months may be what normal looks and feels like. Many people may look back at
2010 as normal, but memories of that time may be altered because of what we
experienced in late 2008 and early 2009.

Even though the S&P 500 Index returned 15.1 percent for the year in 2010, bad
news in the way of high unemployment, numerous bank closures and a struggling
housing market were just a few of the hurdles we faced last year.
It’s common to hear people say, “Just when things were getting back to normal.”
This suggests they were on the verge of normal, but not quite there yet. More
often, we find ourselves looking back, identifying normal only after it has passed
but rarely talking about things being normal in the moment.


Winter 2010 InContext Investor Newsletter

The Year that was 2009

The severe bear market of 2008 that continued into the first
quarter of 2009 tested even the most disciplined investors.
What happened in 2009 to cause investors to be described by
the financial media as “skittish” for almost an entire year?

The Year in Review
The recession that began in December 2007 continued into 2009
with the gross domestic product falling during each of the first two
quarters. After the S&P 500 Index lost 37 percent in 2008 (its largest
calendar year loss since 1931), the S&P 500 lost almost 25 percent
by March 9. The unemployment rate was more than 8 percent by
March and headed for a peak of 10.1 percent in October


Spring 2010 InContext Investor Newsletter
The Elusive Sure Thing

As we began 2010, it seemed there were three sure things:
The price of gold would rise, bond yields would rise and
inflation would show up uninvited. The year began with gold
at $1,121 and the 10-year Treasury note yielding 3.82 percent.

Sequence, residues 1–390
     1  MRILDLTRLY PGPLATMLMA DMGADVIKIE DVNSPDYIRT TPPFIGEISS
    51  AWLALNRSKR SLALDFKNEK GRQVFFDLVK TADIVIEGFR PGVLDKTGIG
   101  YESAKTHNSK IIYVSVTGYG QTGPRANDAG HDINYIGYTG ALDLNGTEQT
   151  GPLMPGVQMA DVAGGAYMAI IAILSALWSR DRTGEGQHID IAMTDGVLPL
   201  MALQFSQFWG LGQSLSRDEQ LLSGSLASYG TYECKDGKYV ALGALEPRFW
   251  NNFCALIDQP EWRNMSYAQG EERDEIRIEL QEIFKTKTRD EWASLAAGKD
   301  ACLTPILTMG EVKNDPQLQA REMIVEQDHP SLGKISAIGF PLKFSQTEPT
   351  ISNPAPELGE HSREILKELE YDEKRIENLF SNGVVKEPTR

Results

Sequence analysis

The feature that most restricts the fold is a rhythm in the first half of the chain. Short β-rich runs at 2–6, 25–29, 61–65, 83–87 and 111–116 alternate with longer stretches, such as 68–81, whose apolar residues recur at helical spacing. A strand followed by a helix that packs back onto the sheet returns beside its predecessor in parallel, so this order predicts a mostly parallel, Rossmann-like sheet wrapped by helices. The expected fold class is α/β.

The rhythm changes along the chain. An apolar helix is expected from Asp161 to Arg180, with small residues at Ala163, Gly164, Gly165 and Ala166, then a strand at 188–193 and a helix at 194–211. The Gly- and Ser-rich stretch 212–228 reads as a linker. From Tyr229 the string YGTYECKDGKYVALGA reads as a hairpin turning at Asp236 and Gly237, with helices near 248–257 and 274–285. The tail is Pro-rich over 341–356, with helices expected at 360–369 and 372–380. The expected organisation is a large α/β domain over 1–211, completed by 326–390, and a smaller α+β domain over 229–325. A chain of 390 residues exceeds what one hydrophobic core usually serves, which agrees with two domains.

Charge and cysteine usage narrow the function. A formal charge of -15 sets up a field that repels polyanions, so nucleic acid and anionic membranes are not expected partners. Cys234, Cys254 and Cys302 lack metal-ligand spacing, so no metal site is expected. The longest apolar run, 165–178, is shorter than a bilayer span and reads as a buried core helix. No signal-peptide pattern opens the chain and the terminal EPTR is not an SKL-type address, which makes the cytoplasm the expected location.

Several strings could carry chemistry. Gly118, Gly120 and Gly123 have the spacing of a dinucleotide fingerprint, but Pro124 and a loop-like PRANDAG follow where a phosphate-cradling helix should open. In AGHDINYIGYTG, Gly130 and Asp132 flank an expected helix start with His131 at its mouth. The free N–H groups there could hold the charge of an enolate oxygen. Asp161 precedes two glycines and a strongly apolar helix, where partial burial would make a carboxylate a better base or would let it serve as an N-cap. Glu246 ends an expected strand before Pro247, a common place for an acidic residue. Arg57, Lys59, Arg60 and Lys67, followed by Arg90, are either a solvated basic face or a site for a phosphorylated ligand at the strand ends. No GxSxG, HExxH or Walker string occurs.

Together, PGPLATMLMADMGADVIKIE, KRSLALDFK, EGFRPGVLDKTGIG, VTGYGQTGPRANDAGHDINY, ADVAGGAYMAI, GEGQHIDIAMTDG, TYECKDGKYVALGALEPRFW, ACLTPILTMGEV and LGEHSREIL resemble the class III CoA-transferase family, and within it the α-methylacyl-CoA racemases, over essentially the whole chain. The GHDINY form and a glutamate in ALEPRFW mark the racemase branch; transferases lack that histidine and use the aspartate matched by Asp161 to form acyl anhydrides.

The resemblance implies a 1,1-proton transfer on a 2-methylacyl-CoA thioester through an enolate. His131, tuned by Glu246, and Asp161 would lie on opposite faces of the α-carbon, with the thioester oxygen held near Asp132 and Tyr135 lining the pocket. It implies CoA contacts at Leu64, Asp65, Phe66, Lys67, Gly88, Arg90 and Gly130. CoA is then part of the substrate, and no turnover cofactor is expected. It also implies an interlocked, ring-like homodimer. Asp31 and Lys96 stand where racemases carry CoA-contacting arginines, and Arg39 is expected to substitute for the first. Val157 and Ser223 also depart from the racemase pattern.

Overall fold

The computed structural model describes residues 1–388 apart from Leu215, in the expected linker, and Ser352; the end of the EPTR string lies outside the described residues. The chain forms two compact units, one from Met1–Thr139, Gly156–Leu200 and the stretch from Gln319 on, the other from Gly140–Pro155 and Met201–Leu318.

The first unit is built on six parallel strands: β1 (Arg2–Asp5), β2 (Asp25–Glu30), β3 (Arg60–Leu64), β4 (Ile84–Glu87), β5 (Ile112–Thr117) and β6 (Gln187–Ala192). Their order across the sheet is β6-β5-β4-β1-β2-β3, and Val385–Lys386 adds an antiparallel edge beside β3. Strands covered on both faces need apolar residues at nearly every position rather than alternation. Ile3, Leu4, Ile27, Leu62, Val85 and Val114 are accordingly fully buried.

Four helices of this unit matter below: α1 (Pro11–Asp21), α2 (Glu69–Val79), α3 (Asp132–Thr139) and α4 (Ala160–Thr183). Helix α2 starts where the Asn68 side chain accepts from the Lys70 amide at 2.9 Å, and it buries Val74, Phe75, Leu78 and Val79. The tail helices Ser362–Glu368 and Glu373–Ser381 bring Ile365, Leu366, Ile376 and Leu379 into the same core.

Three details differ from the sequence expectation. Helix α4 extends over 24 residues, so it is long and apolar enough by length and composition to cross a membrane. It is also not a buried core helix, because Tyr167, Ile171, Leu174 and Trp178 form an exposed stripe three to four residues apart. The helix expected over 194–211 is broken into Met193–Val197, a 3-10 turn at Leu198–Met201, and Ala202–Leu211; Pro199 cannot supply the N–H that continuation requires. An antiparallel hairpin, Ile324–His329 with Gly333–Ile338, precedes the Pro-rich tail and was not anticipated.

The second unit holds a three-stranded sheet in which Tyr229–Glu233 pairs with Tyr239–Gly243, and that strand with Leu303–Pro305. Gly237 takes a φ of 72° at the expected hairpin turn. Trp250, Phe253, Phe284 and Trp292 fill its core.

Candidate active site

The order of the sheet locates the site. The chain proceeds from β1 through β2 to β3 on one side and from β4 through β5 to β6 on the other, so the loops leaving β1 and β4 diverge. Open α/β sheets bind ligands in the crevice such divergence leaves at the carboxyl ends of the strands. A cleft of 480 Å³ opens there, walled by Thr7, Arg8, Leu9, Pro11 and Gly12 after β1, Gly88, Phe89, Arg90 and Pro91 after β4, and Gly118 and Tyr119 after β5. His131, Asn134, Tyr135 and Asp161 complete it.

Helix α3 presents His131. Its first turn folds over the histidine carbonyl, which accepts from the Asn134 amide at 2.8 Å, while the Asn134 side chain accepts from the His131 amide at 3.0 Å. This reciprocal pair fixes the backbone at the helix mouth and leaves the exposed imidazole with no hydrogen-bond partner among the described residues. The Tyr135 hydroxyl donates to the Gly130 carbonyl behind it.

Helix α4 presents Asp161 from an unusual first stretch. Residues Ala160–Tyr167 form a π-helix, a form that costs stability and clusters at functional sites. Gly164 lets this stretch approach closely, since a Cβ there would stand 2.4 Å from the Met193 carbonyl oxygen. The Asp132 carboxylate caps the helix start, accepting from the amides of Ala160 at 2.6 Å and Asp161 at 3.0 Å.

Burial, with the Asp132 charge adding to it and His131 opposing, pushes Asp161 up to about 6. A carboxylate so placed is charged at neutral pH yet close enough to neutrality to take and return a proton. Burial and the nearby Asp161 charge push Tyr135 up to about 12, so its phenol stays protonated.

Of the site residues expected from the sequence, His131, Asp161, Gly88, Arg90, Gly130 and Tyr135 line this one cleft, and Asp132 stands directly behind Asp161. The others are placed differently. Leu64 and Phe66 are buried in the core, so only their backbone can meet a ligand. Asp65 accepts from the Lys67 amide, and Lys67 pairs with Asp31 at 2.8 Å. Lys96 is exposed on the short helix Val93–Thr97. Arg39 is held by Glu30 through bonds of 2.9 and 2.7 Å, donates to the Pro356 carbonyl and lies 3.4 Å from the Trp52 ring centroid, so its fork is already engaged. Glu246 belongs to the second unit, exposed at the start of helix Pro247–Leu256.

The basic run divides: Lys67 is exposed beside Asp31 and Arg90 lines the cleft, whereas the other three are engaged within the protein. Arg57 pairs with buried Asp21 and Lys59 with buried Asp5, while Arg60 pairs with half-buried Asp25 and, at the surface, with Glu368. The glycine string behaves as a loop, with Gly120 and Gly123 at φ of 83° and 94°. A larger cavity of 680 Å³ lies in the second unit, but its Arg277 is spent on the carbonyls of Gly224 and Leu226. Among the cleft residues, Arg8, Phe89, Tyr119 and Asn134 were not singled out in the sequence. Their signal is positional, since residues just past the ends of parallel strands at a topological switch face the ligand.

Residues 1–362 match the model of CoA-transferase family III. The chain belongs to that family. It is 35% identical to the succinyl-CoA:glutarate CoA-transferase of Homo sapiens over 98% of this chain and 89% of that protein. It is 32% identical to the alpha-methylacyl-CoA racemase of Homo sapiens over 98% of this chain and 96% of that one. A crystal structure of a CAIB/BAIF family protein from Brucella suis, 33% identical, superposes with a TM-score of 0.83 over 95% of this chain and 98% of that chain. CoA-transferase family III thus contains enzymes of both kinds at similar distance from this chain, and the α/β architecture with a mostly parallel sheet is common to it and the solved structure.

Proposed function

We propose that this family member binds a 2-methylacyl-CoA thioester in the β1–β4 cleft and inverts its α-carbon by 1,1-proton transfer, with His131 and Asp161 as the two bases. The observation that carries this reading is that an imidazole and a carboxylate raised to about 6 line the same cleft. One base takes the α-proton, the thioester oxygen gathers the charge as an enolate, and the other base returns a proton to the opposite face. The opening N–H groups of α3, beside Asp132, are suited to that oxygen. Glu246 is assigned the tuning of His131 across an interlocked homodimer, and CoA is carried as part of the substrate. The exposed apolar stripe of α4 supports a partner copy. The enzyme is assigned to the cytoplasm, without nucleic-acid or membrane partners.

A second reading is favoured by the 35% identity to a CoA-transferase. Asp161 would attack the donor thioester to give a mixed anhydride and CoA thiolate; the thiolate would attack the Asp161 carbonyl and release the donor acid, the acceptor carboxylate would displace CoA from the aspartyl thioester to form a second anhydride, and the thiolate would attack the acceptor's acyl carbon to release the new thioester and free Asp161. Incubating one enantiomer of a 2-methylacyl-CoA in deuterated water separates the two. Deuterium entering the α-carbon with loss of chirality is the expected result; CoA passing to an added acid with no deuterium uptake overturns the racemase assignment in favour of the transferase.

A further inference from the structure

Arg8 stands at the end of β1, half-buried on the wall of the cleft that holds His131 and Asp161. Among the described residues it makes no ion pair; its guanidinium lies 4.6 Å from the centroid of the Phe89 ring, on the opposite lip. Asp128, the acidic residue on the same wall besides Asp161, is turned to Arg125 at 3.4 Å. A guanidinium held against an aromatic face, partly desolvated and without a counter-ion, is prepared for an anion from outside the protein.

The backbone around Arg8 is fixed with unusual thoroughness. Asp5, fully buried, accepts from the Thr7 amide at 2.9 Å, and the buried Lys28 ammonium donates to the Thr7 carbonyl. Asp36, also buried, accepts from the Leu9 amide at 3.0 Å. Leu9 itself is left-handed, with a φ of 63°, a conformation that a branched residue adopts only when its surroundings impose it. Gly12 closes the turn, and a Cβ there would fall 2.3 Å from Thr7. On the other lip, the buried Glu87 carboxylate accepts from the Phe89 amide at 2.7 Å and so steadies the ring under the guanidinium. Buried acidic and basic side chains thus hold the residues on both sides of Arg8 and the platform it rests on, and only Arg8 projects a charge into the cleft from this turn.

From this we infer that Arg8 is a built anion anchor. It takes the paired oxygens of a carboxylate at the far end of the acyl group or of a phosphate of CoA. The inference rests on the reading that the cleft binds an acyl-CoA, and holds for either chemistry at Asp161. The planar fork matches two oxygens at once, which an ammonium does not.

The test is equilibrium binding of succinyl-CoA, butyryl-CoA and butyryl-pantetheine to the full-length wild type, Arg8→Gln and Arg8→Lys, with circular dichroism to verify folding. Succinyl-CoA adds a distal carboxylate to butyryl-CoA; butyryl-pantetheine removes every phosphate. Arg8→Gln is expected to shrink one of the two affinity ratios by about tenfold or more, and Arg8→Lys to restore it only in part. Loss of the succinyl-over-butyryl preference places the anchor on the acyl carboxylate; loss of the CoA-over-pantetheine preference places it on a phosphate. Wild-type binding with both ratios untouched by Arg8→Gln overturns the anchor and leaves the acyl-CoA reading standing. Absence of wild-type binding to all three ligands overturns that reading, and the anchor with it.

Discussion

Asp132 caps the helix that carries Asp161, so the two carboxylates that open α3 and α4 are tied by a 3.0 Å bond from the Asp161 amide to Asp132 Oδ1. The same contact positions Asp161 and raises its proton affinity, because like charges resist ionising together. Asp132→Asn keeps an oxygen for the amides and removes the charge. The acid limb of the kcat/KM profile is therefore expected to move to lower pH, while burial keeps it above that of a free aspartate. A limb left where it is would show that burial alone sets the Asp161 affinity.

At the end of the first quarter, gold is at $1,113, and the yield on the
10-year Treasury is 3.83 percent (as of 03/31/10). The U.S. Consumer
Price Index, which tracks inflation, rose just 0.3 percent and 0 percent
in January and February, respectively


Winter 2009 InContext Investor Newsletter
Riding the Storm Out

In December 2008, the National Bureau of Economic
Research determined the United States was in a
recession, one that began in December 2007. Since
World War II, the two longest recessions have each
lasted 16 months.

While economists may try to predict when this current downturn will
conclude — with forecasts ranging from June 2009 to after January
2010 — research has found there are no economic forecasters who
consistently lead the pack in forecasting accuracy.


Fall 2009 InContext Investor Newsletter
Confidence of our Convictions

Over the past 10 years, our investments in common stocks
have been a roller coaster of bull and bear markets, almost
too numerous to count. The decade started off with the S&P
500 Index plummeting almost 40 percent from its peak set in
early 2000, followed by a 100 percent increase through
October 2007. And that was just the beginning.

If one defines a bull or bear market as a 20 percent change in value,
from its 2007 peak, we have endured two more bull and bear
markets each in the past 24 months alone! Nothing would indicate
that these gyrations will end anytime soon. Yet, for most of us, it still
makes sense to allocate a portion of our assets to this risky asset
class